Springer, Jan 1, 1999 - Computers - 216 pages
The emphasis of the book is on introducing a unified theory of language equations and relations. Numerous techniques for solving different kinds of equations and relations are presented. The main objective is to obtain representations or constructions of the complete solution set of a given system of equations or relations. Typically, the constructions are effective only if the constant languages are regular. The book is readable by anyone with a working knowledge of elementary automata and language theory. There are numerous detailed examples as well as exercises that make this book suitable as a text for a graduate or an advanced undergraduate course.
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An Informal Introduction to Language Equations
Classical Language Equations and the Substitution Property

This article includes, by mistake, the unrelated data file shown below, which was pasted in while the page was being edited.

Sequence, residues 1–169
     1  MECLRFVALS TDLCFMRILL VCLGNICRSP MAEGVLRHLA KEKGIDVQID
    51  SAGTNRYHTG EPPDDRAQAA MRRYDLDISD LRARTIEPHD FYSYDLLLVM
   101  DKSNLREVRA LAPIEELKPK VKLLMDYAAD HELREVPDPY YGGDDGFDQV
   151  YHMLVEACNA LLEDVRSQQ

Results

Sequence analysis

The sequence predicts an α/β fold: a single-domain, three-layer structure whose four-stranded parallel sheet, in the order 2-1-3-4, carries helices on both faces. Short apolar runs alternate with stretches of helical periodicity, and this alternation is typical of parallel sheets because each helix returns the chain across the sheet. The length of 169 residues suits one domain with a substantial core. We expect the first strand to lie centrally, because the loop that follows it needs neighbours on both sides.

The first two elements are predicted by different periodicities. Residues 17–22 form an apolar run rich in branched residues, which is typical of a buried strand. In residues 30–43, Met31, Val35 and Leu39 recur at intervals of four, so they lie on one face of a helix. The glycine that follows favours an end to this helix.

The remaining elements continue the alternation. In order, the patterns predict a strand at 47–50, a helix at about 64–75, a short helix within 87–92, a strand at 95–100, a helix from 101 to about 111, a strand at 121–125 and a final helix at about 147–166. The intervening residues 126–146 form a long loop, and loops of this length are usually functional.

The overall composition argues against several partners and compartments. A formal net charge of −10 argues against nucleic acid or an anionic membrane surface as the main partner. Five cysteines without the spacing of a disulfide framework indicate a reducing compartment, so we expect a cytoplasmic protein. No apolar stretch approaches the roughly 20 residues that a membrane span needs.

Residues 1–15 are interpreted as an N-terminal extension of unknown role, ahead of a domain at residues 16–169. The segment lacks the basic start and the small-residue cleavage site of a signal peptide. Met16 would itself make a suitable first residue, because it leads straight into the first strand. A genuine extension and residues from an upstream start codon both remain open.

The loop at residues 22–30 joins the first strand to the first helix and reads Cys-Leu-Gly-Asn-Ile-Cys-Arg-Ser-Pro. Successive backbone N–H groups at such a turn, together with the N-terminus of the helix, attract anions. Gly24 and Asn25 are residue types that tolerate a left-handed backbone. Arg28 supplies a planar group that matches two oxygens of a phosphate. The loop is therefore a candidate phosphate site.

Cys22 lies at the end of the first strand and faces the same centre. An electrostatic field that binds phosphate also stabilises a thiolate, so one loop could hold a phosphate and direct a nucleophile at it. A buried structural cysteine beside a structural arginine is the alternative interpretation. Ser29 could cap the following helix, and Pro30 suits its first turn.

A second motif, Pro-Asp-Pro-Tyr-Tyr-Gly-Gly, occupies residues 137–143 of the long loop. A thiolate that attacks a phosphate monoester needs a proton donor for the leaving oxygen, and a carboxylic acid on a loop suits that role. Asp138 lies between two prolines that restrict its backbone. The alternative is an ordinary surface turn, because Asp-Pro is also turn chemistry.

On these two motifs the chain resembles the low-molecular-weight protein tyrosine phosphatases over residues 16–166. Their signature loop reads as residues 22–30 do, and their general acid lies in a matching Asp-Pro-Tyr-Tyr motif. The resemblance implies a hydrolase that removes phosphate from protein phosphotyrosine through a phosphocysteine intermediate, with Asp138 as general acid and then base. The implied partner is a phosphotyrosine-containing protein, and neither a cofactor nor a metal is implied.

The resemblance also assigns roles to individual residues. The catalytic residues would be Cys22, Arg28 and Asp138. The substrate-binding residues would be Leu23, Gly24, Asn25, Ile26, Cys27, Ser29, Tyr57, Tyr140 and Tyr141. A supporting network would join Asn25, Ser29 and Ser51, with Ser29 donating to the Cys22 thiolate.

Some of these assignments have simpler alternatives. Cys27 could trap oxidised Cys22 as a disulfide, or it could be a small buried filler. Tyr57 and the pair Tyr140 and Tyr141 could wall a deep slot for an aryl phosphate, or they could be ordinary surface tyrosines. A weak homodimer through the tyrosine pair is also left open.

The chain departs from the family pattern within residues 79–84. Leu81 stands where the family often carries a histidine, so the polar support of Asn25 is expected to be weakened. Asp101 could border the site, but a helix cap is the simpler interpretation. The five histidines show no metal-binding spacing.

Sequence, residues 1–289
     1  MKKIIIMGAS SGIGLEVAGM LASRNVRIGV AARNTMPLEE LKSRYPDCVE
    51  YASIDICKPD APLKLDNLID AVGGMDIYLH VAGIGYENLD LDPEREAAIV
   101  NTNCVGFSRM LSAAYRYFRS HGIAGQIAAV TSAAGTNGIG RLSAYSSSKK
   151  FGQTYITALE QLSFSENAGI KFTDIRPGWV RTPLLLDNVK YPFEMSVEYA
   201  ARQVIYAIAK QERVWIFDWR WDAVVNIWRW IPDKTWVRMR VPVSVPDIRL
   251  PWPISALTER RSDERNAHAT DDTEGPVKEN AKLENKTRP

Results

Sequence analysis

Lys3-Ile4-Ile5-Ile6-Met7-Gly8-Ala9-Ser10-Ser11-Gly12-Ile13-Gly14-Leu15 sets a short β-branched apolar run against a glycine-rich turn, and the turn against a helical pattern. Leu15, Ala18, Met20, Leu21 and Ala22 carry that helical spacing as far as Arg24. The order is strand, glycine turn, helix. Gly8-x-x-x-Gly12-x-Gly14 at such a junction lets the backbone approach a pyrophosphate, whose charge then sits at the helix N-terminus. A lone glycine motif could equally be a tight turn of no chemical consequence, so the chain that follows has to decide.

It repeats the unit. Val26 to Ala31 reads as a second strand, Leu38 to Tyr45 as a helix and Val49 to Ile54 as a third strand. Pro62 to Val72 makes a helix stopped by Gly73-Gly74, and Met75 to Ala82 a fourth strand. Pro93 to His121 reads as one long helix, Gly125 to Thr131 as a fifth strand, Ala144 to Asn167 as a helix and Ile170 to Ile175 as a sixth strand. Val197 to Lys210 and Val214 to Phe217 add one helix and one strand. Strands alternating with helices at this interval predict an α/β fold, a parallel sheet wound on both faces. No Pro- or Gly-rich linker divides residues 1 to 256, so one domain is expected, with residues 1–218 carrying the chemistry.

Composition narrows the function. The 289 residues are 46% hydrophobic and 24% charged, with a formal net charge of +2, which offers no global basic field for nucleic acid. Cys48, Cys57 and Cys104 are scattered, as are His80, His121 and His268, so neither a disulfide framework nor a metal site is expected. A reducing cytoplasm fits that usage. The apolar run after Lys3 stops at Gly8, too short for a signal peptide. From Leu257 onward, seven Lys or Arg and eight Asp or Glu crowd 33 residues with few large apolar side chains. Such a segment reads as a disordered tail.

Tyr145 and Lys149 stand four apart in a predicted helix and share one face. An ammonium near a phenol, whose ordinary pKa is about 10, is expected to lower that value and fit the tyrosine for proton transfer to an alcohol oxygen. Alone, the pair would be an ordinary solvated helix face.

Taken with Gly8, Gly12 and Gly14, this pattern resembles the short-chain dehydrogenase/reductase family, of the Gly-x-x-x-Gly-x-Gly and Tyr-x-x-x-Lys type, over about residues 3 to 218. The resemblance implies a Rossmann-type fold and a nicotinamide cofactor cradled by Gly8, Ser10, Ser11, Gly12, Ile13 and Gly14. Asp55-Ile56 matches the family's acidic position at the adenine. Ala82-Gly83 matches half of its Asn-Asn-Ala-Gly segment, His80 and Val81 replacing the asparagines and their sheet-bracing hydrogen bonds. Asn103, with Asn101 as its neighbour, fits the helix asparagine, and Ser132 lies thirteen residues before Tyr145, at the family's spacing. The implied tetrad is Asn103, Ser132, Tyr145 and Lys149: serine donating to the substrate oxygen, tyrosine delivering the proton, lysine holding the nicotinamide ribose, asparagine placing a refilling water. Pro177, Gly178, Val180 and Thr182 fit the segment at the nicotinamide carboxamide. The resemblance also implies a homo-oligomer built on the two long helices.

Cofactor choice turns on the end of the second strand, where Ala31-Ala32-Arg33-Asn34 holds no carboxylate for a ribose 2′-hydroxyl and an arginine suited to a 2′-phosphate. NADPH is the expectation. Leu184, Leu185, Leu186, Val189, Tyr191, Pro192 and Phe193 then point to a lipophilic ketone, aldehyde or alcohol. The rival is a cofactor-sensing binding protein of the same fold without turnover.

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A-property with respect algorithm arbitrary languages assume automata boolean automaton boolean language equations Chapter classical language equations complementation Consider the equation Consider the following consists of union constant languages construction context-free grammar context-free languages defined denotes derivatives determine deterministic finite automaton empty word EX^(CONST EX^(REG example exists a solution explicit language relations explicit relations finite automaton following system given system implicit equations implicit language equations infinitely many solutions Leiss Lemma maximal solution mixed system nondeterministic finite automata nonempty nonreturning normal form one-letter alphabet original system parametric representation problem Proof Proposition regular expressions regular languages regular solution respect to Xi Section solution exists solve structural induction subrelations subset superrelation system of equations system of implicit system of language two-sided language equations union and left-concatenation unique solution unrestricted concatenation variable Xi verify yields Z-test